Certain traits and tactics at brands that were viewed as successful were shared by employees to help navigate, psychological, physiological and economic effects of the COVID-19 pandemic as a result of isolation, pessimism and economic depression.
Curiosity leading to innovation should become the backbone of every brand or company as companies rebuild from the COVID-19 pandemic.
Data from a SurveyMonkey survey suggests organizations that foster a culture of innovation and curiosity find creative ways to adapt to problems by synthesizing information. This includes operational data such as sales and revenue and feedback from interviews, surveys, and focus groups.
The results, released Tuesday, are drawn from interviews with early innovators and radical adaptors, along with 3,275 survey results from people across industries in the U.S., SurveyMonkey discovered two key traits for navigating the coronavirus crisis and potentially any crises yet to come.
Building a company that fosters creativity and curiosity isn’t easy, nor is it always welcome. Data suggests, however, that those building a business -- especially during a crisis -- can help companies avoid financial declines. They not only need the feedback from customers, but employees too.
Only 35% of companies say they have collected feedback from customers and employees in response to COVID-19. Of those who said they gathered feedback from employees or customers to make decisions, only 31% reported a financial decline at their company.
Some 36% said they have remained relatively stable, while 21% said they have seen minor financial growth, 21% said they have seen a minor financial decline, 12% said they have seen major financial growth, and 10% have seen a major financial decline.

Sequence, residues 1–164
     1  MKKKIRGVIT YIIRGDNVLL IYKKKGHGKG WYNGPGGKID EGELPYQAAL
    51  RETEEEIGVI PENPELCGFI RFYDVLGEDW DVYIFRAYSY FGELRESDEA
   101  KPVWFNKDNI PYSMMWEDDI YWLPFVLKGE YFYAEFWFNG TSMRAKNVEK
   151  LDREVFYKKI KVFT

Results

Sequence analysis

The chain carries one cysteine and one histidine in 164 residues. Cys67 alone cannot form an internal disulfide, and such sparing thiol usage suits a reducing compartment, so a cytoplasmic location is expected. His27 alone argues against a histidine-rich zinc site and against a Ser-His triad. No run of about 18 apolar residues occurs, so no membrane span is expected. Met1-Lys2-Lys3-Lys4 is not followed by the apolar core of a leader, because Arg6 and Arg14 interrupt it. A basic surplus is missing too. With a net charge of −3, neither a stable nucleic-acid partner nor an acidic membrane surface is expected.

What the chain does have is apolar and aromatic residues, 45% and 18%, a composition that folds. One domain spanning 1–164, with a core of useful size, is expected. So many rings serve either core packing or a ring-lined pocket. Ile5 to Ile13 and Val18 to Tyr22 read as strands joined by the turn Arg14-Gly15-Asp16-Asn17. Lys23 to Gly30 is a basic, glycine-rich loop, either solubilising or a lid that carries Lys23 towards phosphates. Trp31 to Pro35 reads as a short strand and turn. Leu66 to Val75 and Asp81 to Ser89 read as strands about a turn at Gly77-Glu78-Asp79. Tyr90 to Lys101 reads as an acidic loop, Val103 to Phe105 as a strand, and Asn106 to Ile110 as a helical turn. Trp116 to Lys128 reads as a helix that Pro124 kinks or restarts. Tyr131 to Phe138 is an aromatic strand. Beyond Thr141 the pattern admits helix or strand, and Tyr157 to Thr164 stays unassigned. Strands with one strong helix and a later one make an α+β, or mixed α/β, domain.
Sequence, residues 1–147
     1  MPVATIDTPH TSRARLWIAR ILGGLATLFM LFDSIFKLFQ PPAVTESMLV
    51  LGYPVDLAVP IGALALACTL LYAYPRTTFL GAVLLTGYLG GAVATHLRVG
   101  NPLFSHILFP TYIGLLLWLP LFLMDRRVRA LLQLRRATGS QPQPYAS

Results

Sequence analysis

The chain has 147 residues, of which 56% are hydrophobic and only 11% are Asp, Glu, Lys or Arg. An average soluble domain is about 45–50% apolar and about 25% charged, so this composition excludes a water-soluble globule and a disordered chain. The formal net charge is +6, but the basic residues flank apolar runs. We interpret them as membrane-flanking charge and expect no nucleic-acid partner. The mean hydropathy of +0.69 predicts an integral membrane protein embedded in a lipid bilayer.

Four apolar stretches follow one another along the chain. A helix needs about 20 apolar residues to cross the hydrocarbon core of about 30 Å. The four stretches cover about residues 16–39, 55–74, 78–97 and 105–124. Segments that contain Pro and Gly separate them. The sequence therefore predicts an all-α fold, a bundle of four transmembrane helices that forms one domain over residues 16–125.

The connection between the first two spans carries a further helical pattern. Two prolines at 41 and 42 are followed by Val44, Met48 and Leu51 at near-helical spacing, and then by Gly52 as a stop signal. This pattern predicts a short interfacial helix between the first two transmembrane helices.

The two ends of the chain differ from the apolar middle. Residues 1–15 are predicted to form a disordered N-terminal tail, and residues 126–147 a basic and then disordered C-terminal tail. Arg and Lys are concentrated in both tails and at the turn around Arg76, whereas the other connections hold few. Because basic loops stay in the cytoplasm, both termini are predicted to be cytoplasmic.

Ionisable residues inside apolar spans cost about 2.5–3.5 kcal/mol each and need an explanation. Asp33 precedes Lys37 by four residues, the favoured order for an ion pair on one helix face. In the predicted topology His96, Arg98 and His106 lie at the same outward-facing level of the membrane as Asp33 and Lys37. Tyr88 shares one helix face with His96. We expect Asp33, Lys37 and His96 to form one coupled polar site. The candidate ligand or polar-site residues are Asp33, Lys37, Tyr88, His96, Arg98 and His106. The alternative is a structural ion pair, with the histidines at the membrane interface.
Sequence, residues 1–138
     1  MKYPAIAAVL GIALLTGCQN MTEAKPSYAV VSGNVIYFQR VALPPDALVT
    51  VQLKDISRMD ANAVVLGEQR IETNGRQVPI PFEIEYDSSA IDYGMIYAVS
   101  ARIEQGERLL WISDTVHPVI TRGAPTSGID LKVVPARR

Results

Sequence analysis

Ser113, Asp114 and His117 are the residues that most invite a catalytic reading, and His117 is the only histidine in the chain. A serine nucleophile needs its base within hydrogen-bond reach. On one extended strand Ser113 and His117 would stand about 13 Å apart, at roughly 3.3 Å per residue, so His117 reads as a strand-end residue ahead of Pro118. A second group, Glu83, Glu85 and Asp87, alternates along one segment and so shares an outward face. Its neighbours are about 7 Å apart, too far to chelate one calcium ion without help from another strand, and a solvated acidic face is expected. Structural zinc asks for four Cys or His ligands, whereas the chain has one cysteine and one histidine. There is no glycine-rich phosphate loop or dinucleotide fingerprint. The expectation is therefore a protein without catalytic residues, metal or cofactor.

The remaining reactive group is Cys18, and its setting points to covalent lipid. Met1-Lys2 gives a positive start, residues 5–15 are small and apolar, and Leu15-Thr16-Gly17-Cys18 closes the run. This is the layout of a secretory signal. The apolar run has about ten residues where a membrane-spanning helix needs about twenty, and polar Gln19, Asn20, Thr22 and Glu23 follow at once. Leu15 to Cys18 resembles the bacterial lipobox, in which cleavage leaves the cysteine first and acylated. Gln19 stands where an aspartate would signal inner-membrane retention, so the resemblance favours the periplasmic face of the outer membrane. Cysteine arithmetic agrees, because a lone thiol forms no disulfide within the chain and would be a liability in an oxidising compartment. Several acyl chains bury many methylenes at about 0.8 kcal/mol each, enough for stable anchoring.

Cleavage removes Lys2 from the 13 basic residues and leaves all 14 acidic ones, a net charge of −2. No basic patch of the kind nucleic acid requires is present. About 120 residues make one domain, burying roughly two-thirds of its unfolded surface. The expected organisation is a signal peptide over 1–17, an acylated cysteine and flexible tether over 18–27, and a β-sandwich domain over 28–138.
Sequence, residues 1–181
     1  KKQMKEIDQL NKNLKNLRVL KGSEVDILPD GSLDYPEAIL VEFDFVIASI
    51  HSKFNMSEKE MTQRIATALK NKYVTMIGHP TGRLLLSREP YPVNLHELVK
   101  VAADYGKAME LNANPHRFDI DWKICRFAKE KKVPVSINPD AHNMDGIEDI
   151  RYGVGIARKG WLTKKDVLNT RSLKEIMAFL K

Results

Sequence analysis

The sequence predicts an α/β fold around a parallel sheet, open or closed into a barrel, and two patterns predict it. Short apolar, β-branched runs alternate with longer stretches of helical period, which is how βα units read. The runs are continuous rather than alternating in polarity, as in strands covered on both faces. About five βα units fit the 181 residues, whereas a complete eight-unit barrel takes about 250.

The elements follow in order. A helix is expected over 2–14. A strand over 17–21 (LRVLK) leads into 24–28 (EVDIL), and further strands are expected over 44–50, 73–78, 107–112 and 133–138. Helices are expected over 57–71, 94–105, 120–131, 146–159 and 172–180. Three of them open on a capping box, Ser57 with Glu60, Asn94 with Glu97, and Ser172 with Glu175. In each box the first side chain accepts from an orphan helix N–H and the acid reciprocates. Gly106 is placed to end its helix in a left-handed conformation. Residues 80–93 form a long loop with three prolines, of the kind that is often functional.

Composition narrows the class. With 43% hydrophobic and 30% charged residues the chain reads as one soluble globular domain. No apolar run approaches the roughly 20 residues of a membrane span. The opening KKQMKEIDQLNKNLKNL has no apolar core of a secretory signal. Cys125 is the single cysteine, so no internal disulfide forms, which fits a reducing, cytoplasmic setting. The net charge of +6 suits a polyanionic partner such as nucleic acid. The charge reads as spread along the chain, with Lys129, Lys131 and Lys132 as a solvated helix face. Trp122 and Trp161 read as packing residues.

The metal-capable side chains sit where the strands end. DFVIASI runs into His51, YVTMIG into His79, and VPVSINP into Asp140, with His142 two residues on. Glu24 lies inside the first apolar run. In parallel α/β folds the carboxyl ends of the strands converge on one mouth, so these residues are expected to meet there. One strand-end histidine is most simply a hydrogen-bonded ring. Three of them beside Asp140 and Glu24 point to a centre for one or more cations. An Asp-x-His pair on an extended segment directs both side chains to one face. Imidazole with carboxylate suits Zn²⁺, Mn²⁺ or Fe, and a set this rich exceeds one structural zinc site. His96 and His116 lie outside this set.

The data shows that agility is essential for responding to volatility.
Businesses that can fundamentally change how they do business have the best shot at adapting. And with that comes positivity.
Employees who define their companies as agile are dramatically more likely to say their company can withstand an economic downturn, according to the data.
The data shows how market segments approach agility and curiosity differently. Some 80% of those working in airlines, aeronautics, advertising and marketing and technology say their company adapts to change quickly.
By contrast, about 56% of those working at nonprofits say they have had to change strategy to adapt to the coronavirus pandemic, while 17% of people working in manufacturing have made updates to products and services of people working in government say they have developed new products or services.
Many companies are drawing on innovation and curiosity to guide technology, products and campaigns. Some 81% of technology companies say new ideas are praised or rewarded, and 70% of those in education have used new ways to adapt to changing circumstances.
Half of those working in government say new ideas are mostly praised or rewarded, whereas 49% of people working in advertising and marketing say their organization use new and creative ways to adapt.
Some 50% of those who say they are working at agile companies believe their organization is extremely or very prepared to face the future. Of those working at companies viewed as less agile, only 10% say their company is extremely or very prepared.
Employees at agile companies are also twice as likely to say their business is doing better since COVID-19 began, and less likely to say their income has been reduced or hours cut. For example, 28% of those who work at an agile company say their company is doing better, compared with 12% at those who work at a less agile company.
Agile companies also have a much easier time keeping customers. Some 28% of agile companies say it’s not too difficult, compared with 25% of less agile companies. About 25% of agile companies say it’s somewhat difficult, compared with 33% of less agile companies.